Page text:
Finally splurged on an AR-15 - questions


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another okie
November 11, 2003, 08:07 PM
Well, I decided I had to have one. I bought a Bushmaster A3 with a 20" barrel. I had earlier posted a thread asking about books on assembly and cleaning, but I see now (as one poster had said) that the Bushmaster instruction book is more than ample. So far I've just been practicing assembling and dissassembling it. Some of those pins are tight!

Questions:

1. I can completely dissassemble with a cartridge, except for the extractor pin. I can push it part way out, but it takes a pair of pliers to take it the rest of the way. Is this normal, or will it loosen up, or is there some trick I'm missing?

2. What's the best sling? The factory sling is OK to carry it over your shoulder, but is there a good one that allows you to carry it in front and lift it easily to the shoulder?

3. I have an M-3 light I bought for my Glock 17. What's the best mount? I'd like to be able to put the light on my AR as well. (Already have a mount made by Streamlight for my Remington 1100.)

4. Why is there a "drain" channel in the rear of the stock? What's supposed to drain out of there?

5. Is there a good book on the history of the AR? I'm a compulsive learner once I start on something, and I want to know as much as possible about it.

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Jhaislet
November 11, 2003, 08:23 PM
Check out AR15.com (http://www.ar15.com) .

Variable1
November 11, 2003, 08:50 PM
Lets see if I can help out on this one.

1.) The extractor pin will losen up and will be easier to remove.

2.) I am biased, :D but I like the CQB Solutions SOP and CST 3 point slings.

3.) You can add a mount to your handguards, or to the front sight tower. Lots of options on that one. The Streamlight mount works well and is priced right. Plus it allows the light to be mounted in a easy to reach location.

4.) That is so water/oil/etc can drain out of the stock. If it was raining, or you had to cross water, it would collect in the buffer tube. Not a very pretty sight when you tried to fire of that first round:what:

5.) I believe D. Long has a couple of good AR books. Also The Black RIfle. Best to go check on AR15.com.

ShaiVong
November 11, 2003, 09:28 PM
This may sound dumb, but try and push the extractor claw assm. inwards twords the firing pin. Like your squeezing the bolt between your thumb and finger, and pushing the extractor inward.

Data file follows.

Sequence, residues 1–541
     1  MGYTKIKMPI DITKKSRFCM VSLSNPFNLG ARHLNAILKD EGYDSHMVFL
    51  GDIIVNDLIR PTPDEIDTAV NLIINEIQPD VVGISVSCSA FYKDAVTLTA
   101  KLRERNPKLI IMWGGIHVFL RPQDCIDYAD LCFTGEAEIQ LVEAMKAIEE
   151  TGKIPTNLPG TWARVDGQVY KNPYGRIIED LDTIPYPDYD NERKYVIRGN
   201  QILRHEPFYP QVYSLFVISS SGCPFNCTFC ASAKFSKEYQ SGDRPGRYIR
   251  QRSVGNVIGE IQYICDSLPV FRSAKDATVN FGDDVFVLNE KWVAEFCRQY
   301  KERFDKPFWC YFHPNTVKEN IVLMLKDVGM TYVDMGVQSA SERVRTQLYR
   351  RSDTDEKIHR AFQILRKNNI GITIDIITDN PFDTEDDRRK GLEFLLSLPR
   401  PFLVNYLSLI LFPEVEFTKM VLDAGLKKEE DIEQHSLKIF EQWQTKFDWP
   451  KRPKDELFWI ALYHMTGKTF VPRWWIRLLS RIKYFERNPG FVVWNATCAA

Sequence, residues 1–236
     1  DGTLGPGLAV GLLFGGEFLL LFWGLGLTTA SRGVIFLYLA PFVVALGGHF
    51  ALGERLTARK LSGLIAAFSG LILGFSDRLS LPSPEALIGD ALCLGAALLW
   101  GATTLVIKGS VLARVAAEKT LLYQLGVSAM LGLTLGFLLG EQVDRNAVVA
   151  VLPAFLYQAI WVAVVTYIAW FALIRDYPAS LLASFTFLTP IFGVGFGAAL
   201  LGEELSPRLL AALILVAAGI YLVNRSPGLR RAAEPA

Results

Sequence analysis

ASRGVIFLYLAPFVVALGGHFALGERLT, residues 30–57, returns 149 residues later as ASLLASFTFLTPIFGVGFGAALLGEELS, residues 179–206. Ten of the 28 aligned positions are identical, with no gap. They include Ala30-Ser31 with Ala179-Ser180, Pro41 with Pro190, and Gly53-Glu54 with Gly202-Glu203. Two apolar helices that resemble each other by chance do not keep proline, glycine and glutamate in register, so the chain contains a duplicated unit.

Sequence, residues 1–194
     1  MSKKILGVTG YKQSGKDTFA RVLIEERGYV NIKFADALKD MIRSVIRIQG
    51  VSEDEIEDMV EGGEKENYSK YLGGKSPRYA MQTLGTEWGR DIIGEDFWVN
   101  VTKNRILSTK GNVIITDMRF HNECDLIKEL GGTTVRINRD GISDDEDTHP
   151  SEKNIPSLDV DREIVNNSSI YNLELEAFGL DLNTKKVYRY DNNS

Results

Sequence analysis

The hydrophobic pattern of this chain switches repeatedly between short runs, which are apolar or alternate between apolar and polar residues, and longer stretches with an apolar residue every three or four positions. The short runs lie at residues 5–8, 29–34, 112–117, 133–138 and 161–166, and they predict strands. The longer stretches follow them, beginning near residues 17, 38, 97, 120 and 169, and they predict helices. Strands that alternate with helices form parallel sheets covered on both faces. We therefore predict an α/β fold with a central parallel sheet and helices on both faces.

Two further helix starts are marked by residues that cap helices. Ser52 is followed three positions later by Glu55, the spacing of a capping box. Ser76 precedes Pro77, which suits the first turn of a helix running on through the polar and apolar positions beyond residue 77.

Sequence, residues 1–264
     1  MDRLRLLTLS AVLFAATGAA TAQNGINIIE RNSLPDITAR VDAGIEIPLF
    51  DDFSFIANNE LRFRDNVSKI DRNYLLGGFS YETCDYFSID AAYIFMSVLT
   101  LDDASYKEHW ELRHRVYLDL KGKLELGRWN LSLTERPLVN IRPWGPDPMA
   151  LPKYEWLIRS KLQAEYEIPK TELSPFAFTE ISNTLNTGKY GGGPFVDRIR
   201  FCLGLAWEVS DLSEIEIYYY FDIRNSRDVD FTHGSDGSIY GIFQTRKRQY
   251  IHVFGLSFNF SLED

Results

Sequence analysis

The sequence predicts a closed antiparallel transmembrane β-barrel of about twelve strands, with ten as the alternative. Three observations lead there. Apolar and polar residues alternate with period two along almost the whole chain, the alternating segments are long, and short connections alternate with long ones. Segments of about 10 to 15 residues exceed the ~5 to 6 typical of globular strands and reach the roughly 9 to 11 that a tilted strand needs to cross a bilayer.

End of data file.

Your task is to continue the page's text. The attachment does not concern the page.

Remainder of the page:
If i squeeze the extractor and compress the spring, the pin will just about fall out, and it was like that brand new. Just need to take the tension off of the pin.

Jhaislet
November 11, 2003, 09:36 PM
I had my bolt disassembled earlier today, and noticed a lot of wear on the firing pin retaining pin (not the cotter pin, but the actual round pin with the square top and horizontal circular hole through its shaft).

The wearing appeared in a C shaped pattern and the wear pattern which made up the "C" was very deep (maybe between 1/16-1/32 of an inch). Is this normal? The bolt has about 1500 rounds through it and all was either lake city M193 or Winchester Q3131A (strictly 55grn mil-spec M193 ball).
The rifle is a stock Bushmaster 16" HBAR w/M4 profile.

Kharn
November 11, 2003, 10:00 PM
Jhaislet:
"not the cotter pin, but the actual round pin with the square top and horizontal circular hole through its shaft"
I believe you are referring to the cam pin.

If you're in doubt about it, replace it. Its a lot cheaper to buy a new cam pin than a new rifle (if the cam pin is missing, the bolt will not cam into the closed position and the rifle will fire as a blowback, not a good thing for .223), they're like $3.

Kharn

Jhaislet
November 11, 2003, 10:08 PM
Bingo, its the cam pin. My mind blanked out for a sec. Could something else be causing the extended wear pattern I've observed? I've broken down my fair share of military M16's, all of which had many thousands of rounds through them, yet I never noticed such distinctive wear on the cam pin.

Jack19
November 12, 2003, 05:57 AM
GG&G (http://gggaz.com/products/uwwsystem.php)

These folks carry everything you will ever need....and then some. :D

And, I'll second Variable on his recommendation of CQB Solutions' slings.